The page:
Dealers Find Ways to Survive

By Tony Moorby June 19, 2021 366

Today’s dealers are about as close to chameleons as any comparison I can think of to describe the amount of clever ways they find to survive.

In the last couple of years, the environment for dealers has so radically changed in almost every aspect imaginable from inventory acquisition to serving a retail customer. The competition has also grown intensely. New players using different methods to access the multibillion-dollar used vehicle market, with all its layers of complexity, are disrupting accepted customs and practices.

“It’s a jungle out there,” says it all. Obstacles appear at every direction from legislation to lay-offs and production to the pandemic. You need eyes to see from back to front at the same time to assess the landscape and any opportunities or potential threats.

As the shape of the business changes, a successful dealer will move with it, changing tactics to suit the new surroundings, sometimes without even realizing the subtleties of change, transforming like altering camouflage to take advantage of a new position or blend in with others to move ahead.

It helps to maintain a tight grip as with disciplines that have served and suited a dealer best through fair or foul conditions, using experience and judgment to feel confident in any environment.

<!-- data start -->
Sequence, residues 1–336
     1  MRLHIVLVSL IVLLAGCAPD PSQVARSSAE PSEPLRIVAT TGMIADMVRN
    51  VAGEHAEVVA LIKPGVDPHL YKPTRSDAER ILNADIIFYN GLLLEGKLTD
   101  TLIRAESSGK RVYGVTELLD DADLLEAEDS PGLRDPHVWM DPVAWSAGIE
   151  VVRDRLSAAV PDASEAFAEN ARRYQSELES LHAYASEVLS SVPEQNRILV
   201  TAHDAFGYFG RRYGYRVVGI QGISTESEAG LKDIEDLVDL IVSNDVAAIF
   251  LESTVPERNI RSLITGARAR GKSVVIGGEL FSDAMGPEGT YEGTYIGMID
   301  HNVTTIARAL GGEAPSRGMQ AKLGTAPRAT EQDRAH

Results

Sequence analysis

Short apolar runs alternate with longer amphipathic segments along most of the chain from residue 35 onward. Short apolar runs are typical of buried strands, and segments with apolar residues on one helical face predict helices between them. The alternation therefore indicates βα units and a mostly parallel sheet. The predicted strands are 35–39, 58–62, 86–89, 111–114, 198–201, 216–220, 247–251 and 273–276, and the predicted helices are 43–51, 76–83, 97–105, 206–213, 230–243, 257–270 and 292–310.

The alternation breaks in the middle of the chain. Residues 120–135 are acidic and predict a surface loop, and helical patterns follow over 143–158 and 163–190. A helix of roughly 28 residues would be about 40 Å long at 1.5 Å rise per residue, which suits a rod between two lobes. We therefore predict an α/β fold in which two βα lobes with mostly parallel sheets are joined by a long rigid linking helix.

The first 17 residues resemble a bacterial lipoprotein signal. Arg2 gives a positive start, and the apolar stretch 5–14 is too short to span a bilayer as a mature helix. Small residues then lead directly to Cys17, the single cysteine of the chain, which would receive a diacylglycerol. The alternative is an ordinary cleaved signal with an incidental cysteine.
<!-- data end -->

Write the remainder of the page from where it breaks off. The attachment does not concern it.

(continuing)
When a prize is in sight – a customer, a monthly profit goal or some great buys – deft and decisive actions are needed to strike and get an advantage. To beat the competition, dexterity is key like a chameleon’s lightning-quick tongue to seize its prey. An edge is always so important in this business.

Things have also changed on the supply side. Remarketing actions and timing decisions often used to be made on the basis of experienced fleet and manufacturers’ managers’ senses of the market – not exactly seat of the pants but a lot of gut feel. Seasons often had an influence on when to sell or to hold.

Much is now driven on the basis of statistics and computer-generated data. Masses of national information gathered, sorted and regurgitated in forms that almost make decisions for you. Responsibilities now shared with machines could make a blameless society if we’re not careful.

Who could have predicted a global pandemic (some did but no one listened) and the depth of changes that were and still are being made to every part of our business?

Used car values have gone through the roof as new car supply has faltered due to shortages of essential parts and equipment. Many things in the market have run counter intuitively as people have rushed to gain back what is now starting to be interpreted as a new normal. House prices going crazy, supermarkets charging whatever they can while the government is propping up the non-working classes and employers unable fill spots at the lower wage end of the scale. It feels like things are moving from calm to chaos.

As with all these affairs, I’m sure things will settle; where, when and at what level is yet to be discovered.

Maybe we’ll all turn into chameleons if we’re going to do well in our new surroundings.

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Last modified on Saturday, 19 June 2021 14:29